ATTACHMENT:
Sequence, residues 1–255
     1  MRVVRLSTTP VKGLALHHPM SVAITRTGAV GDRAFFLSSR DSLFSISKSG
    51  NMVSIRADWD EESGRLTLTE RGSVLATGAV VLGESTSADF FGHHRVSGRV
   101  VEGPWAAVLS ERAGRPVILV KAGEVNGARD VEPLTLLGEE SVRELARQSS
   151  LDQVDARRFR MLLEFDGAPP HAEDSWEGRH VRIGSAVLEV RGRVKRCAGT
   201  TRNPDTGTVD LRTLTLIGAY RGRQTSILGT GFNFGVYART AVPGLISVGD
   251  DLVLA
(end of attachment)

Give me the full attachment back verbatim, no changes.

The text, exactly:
Sequence, residues 1–255
     1  MRVVRLSTTP VKGLALHHPM SVAITRTGAV GDRAFFLSSR DSLFSISKSG
    51  NMVSIRADWD EESGRLTLTE RGSVLATGAV VLGESTSADF FGHHRVSGRV
   101  VEGPWAAVLS ERAGRPVILV KAGEVNGARD VEPLTLLGEE SVRELARQSS
   151  LDQVDARRFR MLLEFDGAPP HAEDSWEGRH VRIGSAVLEV RGRVKRCAGT
   201  TRNPDTGTVD LRTLTLIGAY RGRQTSILGT GFNFGVYART AVPGLISVGD
   251  DLVLA